A tender has been released by the Ethiopian Authority for Research and conservation of Cultural Heritage (ARCCH) to help preserve eleven monolithic World-Heritage listed churches. The rock-hewn churches of Lalibela in northern Ethiopia were constructed between the 12th century and the 13th century under the instruction of King Lalibula and are a place of pilgrimage for Ethiopians and tourists alike.
The proposed project, which was published in the Ethiopian Herald and closes on 26 March, involves creating steel structure shelters for the free-standing churches, which are carved out of reddish-pink volcanic rock. Located approximately 150km east of Lake Tana in Ethopia, the religious buildings boast an extraordinary high level of architectural detail, particularly on the windows and doors.
With the churches grouped into two main clusters, the site has 7 religious buildings embedded into the rock and 4 free-standing structures. It also houses Medhane Alem, the world’s largest rock-hewn building, which contains 72 pillars. Part of the site is also located underground, with various narrow passages, causeways, steps and tunnels situated in between the churches.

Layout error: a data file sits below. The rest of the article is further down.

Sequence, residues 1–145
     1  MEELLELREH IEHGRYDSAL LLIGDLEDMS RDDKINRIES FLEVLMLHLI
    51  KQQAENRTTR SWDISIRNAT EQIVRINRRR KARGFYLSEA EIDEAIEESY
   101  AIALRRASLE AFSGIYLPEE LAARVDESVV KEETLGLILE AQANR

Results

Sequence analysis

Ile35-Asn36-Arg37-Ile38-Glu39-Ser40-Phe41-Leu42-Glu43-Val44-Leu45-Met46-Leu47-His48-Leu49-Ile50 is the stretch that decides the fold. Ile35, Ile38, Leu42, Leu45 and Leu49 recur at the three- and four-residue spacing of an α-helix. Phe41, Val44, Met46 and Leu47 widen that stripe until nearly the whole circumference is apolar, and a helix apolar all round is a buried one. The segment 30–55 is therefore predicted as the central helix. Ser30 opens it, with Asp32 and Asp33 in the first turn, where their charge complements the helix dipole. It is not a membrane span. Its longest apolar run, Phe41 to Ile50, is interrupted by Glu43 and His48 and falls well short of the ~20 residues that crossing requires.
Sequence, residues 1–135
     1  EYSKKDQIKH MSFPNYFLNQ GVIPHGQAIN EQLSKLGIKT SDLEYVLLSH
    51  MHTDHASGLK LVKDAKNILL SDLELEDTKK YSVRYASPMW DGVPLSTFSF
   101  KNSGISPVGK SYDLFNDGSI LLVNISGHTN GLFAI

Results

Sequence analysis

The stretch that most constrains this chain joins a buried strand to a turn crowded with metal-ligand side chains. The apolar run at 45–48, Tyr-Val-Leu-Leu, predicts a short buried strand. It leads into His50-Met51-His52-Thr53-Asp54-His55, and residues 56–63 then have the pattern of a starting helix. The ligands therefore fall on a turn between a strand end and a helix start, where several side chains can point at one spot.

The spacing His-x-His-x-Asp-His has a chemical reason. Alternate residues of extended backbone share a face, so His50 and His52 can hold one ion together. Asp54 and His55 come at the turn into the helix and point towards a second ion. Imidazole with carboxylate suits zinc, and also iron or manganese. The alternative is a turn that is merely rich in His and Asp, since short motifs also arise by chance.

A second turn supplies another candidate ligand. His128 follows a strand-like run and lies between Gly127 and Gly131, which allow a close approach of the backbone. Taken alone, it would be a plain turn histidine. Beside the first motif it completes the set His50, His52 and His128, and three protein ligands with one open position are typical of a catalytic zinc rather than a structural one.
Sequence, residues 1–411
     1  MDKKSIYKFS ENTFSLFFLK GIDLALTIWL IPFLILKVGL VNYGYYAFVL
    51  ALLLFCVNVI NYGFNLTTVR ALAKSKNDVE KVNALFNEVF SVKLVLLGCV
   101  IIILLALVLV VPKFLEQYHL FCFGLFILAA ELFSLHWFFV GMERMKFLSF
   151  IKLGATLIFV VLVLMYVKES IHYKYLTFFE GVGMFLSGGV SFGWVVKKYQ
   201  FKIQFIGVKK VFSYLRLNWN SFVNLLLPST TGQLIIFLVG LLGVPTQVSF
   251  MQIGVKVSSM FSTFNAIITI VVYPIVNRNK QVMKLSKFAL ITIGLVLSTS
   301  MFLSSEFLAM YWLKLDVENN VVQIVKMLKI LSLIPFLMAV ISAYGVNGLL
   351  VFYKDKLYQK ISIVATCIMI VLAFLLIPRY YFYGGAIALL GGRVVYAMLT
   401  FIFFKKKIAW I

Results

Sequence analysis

The current preservation project comes after recent attempts by the European Commission to protect the religious site. Erected in 2008, large metal shelters were constructed to protect five of the most vulnerable and damaged churches from further deterioration resulting from tourism and humid weather conditions. However, these measures were only seen as a short-term plan as the shelters are currently due to last for 15 years.
First appearing on the World Heritage List in 1978, there have been various attempts by UNESCO to look at the best way in which to preserve the holy structures. As part of their participation in the European Union-funded shelter projects, the organisation carried out two assessment missions to the area in 2004 and 2005 to gather data on the churches. The UNESCO team highlighted the need to tackle the effects of humidity on the churches, something which, according to the organisation, steel structures alone cannot solve.